Following the laser procedure, the doctor will bandage the treated area. Starting 24 hours after treatment, you will need to clean the treated area four to five times a day. Then you’ll need to apply an ointment, such as petroleum jelly, to prevent scabs from forming. This wound care is intended to prevent any scab formation. In general, the areas heal in 10 to 21 days, depending on the condition that was treated.

It’s normal to have swelling after laser skin resurfacing. Your doctor may prescribe steroids to manage swelling around your eyes. Sleeping on an extra pillow at night to elevate your head can help ease swelling. Putting an ice pack on the treated area also helps to reduce swelling in the first 24 to 48 hours after laser resurfacing.

You may feel itching or stinging for 12 to 72 hours after the procedure. Five to seven days after laser resurfacing, your skin will become dry and peel.

Once the skin heals, you can wear oil-free makeup to minimize redness, which usually fades in two to three months.

You will probably notice that your skin is lighter for a while after surgery. It is particularly important that you use a “broad-spectrum” sunscreen, which screens ultraviolet B and ultraviolet A rays, to protect your skin during that time. When selecting a sunscreen, look for one specially formulated for use on the face. It should have a physical blocker, such as zinc oxide. and a sun protection factor (SPF) of 30 or higher. Also limit your time in the sun, especially between the hours of 10 a.m. and 2 p.m. Wearing a broad-brimmed hat can help protect your skin from the sun’s harmful rays.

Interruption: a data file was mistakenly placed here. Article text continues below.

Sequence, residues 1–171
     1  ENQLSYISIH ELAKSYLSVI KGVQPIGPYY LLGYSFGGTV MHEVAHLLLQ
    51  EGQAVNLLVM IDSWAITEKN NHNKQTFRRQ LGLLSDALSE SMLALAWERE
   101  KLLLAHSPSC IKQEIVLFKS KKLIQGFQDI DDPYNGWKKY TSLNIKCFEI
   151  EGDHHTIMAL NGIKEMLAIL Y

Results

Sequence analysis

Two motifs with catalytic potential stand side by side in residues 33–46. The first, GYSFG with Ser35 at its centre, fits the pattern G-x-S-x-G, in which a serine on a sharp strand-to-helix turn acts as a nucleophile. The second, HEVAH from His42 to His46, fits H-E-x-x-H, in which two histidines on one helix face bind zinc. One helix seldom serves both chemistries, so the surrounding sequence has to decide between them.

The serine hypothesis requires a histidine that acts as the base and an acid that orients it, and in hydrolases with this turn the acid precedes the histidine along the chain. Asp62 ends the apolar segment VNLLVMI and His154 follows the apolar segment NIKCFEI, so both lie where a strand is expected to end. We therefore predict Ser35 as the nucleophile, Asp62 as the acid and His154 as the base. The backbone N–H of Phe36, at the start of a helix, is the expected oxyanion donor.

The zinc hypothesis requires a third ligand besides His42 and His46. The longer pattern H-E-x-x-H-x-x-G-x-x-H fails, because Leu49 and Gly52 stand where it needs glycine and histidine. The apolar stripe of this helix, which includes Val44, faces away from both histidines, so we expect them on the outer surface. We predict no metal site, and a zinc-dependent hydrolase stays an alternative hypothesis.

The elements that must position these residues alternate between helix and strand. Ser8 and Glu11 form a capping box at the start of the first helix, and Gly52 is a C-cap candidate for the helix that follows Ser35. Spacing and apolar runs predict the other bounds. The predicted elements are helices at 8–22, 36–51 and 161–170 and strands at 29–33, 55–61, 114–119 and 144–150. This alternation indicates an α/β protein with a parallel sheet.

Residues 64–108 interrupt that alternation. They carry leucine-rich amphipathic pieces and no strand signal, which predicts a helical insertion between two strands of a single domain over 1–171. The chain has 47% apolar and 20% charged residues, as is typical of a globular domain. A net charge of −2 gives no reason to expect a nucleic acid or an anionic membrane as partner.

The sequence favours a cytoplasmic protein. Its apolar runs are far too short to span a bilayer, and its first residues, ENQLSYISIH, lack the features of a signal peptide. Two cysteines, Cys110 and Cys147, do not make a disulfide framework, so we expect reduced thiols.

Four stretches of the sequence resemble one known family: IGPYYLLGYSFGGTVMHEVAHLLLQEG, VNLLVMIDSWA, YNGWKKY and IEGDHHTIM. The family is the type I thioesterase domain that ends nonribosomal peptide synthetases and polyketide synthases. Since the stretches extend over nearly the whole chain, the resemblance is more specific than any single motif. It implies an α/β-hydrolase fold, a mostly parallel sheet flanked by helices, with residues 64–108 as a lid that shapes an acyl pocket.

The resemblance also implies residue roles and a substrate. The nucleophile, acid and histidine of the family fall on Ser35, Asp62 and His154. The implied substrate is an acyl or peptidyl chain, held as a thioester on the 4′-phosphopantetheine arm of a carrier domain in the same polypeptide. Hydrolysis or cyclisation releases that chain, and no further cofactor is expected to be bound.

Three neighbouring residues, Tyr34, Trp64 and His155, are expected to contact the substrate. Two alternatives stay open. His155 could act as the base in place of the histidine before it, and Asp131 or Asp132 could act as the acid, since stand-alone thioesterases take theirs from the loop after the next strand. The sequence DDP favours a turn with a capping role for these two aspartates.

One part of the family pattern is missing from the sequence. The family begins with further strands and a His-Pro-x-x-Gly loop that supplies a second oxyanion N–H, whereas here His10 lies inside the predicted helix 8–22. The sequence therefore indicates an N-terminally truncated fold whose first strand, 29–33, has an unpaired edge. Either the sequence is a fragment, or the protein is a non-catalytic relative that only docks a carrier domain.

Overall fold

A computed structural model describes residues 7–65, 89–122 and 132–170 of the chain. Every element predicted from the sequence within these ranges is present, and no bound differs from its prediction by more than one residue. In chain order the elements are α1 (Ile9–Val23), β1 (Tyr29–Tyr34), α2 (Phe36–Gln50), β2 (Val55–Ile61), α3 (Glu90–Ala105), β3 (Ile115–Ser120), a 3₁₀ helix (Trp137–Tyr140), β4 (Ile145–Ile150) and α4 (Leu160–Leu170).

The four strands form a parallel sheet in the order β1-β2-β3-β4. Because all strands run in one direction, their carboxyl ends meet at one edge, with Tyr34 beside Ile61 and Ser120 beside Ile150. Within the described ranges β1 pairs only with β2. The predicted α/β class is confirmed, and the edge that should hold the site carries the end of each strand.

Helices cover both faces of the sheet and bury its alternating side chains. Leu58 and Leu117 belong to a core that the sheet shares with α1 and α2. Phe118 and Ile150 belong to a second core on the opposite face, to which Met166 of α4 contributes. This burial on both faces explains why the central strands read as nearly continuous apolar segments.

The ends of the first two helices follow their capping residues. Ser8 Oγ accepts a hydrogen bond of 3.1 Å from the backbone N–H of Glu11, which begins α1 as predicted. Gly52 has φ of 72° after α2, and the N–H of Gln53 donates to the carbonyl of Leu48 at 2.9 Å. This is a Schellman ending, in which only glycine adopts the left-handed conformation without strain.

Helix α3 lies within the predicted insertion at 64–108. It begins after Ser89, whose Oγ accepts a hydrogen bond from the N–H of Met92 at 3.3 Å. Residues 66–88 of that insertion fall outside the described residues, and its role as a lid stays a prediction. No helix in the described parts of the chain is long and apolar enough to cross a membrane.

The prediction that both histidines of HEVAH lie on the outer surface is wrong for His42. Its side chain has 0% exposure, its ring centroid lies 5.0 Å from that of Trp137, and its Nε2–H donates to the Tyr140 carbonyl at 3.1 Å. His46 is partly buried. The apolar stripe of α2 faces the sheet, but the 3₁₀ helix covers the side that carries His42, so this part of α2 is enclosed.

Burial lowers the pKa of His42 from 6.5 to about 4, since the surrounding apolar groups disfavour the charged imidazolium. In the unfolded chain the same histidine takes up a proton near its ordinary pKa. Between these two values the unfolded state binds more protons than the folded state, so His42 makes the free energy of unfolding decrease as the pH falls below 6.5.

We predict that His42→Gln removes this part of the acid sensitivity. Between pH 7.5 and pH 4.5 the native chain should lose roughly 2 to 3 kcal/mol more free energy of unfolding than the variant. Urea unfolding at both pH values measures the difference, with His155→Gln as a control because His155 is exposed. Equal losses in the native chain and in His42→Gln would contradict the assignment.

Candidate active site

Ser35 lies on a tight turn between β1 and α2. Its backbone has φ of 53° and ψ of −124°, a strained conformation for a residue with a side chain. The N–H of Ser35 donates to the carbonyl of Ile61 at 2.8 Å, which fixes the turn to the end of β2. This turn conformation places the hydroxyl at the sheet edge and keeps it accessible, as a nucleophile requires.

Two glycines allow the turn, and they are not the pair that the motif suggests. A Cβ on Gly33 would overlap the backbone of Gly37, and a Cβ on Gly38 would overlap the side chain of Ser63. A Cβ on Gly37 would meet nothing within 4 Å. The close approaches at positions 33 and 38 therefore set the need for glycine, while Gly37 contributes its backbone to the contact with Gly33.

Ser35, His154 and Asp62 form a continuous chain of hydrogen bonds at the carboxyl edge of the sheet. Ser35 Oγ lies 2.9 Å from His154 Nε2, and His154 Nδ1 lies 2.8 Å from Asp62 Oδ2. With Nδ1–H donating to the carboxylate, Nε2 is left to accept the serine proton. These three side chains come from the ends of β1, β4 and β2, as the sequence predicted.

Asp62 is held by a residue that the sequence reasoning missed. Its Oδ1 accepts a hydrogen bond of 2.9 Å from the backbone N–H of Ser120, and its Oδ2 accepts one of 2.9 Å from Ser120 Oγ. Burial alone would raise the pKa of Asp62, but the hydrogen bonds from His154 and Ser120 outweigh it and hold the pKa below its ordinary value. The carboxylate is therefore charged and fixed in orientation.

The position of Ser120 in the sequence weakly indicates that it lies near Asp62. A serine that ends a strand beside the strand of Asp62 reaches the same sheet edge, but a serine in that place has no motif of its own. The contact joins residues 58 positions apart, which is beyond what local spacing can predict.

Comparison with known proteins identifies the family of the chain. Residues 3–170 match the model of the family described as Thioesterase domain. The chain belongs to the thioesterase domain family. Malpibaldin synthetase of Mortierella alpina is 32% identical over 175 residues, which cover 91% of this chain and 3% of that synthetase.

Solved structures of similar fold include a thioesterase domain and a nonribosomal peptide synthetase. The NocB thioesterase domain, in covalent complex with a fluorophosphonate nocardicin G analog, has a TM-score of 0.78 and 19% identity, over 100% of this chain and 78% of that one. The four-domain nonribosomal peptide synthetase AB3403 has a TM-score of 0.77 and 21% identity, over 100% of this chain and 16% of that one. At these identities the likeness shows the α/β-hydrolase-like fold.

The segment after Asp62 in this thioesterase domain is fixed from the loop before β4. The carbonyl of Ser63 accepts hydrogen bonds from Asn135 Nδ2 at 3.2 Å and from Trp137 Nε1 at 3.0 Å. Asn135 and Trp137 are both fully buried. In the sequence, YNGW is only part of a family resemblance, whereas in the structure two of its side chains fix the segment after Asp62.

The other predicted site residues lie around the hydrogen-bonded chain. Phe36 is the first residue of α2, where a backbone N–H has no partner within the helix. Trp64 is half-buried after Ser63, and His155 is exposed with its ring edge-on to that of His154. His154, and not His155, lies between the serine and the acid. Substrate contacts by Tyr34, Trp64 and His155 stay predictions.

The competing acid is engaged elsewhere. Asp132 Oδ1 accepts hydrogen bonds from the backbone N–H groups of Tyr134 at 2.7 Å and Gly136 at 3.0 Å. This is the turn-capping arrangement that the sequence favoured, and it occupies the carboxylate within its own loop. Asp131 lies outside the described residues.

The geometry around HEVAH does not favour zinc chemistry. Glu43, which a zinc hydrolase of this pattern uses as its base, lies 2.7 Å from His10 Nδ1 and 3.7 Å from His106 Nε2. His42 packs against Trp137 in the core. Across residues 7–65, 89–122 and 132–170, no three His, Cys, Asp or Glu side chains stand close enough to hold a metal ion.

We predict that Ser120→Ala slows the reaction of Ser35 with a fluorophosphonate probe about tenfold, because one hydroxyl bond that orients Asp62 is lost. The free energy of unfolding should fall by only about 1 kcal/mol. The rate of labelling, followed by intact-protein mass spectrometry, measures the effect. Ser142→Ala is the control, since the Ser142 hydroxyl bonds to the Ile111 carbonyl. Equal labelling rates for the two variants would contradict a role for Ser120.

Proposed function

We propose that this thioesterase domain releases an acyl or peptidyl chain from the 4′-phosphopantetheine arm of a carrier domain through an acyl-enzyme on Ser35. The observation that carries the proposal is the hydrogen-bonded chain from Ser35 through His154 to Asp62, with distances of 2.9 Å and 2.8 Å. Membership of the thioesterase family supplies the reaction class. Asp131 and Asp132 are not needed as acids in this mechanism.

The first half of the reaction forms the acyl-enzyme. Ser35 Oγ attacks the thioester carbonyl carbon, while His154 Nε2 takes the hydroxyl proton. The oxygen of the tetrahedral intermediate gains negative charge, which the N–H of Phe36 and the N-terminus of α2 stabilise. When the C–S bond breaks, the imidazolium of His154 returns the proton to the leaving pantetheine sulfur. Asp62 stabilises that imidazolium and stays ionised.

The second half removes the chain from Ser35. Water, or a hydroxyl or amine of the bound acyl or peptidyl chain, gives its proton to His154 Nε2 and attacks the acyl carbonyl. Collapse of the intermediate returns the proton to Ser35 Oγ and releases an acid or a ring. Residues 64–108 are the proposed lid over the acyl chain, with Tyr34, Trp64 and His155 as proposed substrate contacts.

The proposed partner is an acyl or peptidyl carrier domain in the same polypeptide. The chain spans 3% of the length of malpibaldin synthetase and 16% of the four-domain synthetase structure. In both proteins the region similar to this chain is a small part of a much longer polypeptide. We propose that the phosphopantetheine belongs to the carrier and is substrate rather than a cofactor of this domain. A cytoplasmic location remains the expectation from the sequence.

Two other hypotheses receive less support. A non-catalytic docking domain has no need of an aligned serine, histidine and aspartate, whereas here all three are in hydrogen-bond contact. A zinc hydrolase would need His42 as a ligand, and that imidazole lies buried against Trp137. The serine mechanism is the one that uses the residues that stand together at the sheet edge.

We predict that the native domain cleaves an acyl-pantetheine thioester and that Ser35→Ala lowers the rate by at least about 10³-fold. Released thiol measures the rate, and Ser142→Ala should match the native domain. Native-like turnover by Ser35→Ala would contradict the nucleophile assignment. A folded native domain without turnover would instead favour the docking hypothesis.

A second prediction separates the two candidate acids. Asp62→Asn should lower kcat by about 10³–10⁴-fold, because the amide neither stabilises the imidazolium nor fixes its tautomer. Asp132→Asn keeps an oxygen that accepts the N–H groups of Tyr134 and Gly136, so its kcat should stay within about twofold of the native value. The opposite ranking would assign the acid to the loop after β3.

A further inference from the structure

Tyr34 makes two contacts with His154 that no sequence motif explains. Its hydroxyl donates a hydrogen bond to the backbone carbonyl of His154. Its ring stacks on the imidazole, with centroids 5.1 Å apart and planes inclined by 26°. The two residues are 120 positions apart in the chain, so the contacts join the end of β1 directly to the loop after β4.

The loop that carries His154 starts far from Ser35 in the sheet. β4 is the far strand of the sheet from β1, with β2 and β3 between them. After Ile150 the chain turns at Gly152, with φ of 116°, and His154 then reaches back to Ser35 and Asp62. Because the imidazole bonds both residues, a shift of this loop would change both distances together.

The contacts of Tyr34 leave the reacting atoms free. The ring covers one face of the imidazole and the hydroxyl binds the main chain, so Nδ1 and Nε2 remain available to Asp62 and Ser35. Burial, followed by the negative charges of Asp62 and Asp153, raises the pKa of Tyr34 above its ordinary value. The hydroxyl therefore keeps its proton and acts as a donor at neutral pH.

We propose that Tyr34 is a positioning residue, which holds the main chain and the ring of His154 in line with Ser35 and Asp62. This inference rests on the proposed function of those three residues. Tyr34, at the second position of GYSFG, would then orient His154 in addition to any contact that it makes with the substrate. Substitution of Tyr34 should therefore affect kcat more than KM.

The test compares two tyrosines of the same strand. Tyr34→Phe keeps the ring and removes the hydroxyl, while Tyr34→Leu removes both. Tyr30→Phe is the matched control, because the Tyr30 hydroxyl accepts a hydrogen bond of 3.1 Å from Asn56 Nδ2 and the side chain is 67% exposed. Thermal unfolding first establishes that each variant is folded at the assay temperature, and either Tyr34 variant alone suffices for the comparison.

It is also important to keep your new skin well moisturized. If you use Retin A or glycolic acid products, you should be able to start using them again about six weeks after the procedure or when the doctor says you can.

Once the treated areas have healed, you can wear makeup to hide the pink to red color that is typically seen after laser skin resurfacing. Green-based make-ups are particularly suitable for this camouflage since they neutralize the red color. Oil-free make-ups are recommended after laser resurfacing. The redness in the laser treated sites generally fades in two to three months. But it may take as long as six months for the redness to completely disappear. Redness generally lasts longer in people with fair skin.

People with darker skin tones are more likely to get darker pigmentation. Using a bleaching agent before and after laser skin resurfacing may minimize that – as well as strict sun avoidance with use of a daily broad-spectrum sunscreen.

Complications of Laser Skin Resurfacing

Although skin resurfacing cannot produce perfect skin, it can improve the appearance of your skin. Potential risks of the procedure include:

  • Burns or other injuries from the laser’s heat
  • Scarring
  • Changes in the skin’s pigmentation, including areas of darker or lighter skin
  • Reactivating herpes cold sores
  • Bacterial infection

Milia, which are small white bumps, may appear in the laser-treated areas during healing. Your doctor can treat those.

Cost of Laser Skin Resurfacing